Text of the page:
According to Rory Alsop’s post the most popular topic at our IT Security site is passwords. So in this post I’ll provide a tour of some relevant questions and answers, and a look at how it sparked further investigation of the sorry state of password protection in some current systems.
There is an amazing amount of confusion, disinformation and bad practice out there with respect to password management. This is all the more frustrating because the basics were worked out back in the dark ages (1978 to be precise) for Unix by Bob Morris and Ken Thompson (Password Security: A Case History, Morris & Thompson, 1978). They not only covered the importance of hashing passwords with salts and a slow algorithm, but they described what is now called a “pepper” (a second salt stored apart from the password database).
So if you peruse the dozens of ‘passwords’ questions you’ll find frequent reference to the basics. We’ve also tried to summarize some of the key points in the ‘passwords’ tag info. By the way, that’s one of the cool things about StackExchange sites in general – how they provide for a little “wiki” for each tag, to allow us to put key information just a mouse hover or one click away from readers.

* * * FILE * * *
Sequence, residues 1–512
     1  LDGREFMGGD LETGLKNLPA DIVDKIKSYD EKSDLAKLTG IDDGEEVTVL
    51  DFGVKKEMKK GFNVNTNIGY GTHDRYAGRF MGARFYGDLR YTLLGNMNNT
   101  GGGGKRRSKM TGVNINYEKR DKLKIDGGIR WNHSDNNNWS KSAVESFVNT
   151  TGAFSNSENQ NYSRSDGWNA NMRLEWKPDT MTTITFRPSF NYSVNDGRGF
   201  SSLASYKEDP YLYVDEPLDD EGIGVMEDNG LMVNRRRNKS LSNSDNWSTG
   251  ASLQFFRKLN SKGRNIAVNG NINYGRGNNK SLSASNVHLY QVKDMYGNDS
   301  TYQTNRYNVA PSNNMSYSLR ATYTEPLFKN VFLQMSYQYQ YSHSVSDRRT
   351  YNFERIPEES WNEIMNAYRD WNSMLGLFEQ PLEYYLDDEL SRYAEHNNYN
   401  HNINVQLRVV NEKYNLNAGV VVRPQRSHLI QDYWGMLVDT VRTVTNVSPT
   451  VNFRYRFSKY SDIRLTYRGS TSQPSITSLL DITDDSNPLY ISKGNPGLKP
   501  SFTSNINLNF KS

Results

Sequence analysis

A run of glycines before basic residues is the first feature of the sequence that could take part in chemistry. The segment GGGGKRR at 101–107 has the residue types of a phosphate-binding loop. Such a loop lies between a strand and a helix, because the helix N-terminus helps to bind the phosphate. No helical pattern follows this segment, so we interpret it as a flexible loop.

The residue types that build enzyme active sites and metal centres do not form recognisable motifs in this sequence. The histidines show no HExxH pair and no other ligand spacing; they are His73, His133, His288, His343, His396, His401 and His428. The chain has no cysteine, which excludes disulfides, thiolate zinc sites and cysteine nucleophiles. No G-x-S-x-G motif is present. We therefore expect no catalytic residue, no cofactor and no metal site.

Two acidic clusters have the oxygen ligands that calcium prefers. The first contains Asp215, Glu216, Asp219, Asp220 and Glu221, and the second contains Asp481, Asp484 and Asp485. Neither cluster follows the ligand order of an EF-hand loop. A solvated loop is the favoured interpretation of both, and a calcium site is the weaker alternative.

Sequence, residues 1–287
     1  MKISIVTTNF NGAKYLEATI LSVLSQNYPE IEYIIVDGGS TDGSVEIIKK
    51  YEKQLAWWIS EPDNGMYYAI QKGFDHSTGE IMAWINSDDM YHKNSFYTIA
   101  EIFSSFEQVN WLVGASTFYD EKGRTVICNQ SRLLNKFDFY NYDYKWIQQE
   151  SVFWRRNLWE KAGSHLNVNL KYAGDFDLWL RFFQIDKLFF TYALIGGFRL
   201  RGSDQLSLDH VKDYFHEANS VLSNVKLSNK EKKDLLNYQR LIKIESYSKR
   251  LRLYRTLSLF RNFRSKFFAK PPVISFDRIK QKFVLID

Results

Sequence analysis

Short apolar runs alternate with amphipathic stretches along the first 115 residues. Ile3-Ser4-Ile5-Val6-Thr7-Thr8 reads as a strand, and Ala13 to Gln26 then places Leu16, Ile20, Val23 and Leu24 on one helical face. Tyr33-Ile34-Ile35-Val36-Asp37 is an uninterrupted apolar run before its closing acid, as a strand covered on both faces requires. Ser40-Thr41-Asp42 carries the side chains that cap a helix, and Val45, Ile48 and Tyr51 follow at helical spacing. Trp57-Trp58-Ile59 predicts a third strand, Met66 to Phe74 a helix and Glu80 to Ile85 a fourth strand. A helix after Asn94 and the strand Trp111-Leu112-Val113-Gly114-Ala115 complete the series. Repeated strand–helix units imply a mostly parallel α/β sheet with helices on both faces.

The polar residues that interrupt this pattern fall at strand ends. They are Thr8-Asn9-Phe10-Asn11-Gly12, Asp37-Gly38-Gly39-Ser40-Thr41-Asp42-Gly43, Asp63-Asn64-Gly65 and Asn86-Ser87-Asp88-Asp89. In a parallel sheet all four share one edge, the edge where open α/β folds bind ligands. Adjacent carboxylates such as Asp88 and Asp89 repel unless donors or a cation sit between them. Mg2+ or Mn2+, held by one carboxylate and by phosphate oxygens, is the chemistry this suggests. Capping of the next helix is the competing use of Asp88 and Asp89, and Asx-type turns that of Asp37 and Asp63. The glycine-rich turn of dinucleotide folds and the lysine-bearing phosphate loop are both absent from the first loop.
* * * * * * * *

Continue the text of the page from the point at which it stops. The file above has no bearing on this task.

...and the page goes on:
Of course even among good practitioners, there are debates about the finer points, and that is another thing you’ll find here. See e.g. the spirited conversation about highly iterated password hashes for web apps vs the risk of DDoS attacks at Do any security experts recommend bcrypt for password storage?.
In the end, you’ll often find that the right approach depends on what kind of “security” you’re looking for. As our Frequently Asked Questions points out, this depends on context – what assets you’re trying to protect from what sorts of threats, how your different vulnerabilities compare, and how that all fits into your business plan.
I’ll end with a look at one question which demonstrates the kind of expertise we have already attracted to the site: MySQL OLD_PASSWORD cryptanalysis?. I asked this after stumbling across some other questions about how MySQL used to deal with passwords. To my amazement, within hours, noted cryptographer Thomas Pornin had not only cracked the old algorithm, but he included some code to demonstrate just how totally broken the OLD_PASSWORD scheme was. Subsequently we also found a paper from 2006 with more details. Evidently the folks at Oracle who work on MySQL hadn’t gotten the memo then, and still have a lot of work to do to improve their current scheme, as described at Looking for example of well-known app using unsalted hashes.
So stay ahead of the crowd: when you have a question about security, see if we have a good answer. If not, ask away. And if you see questions that need more work, please contribute to providing good answers!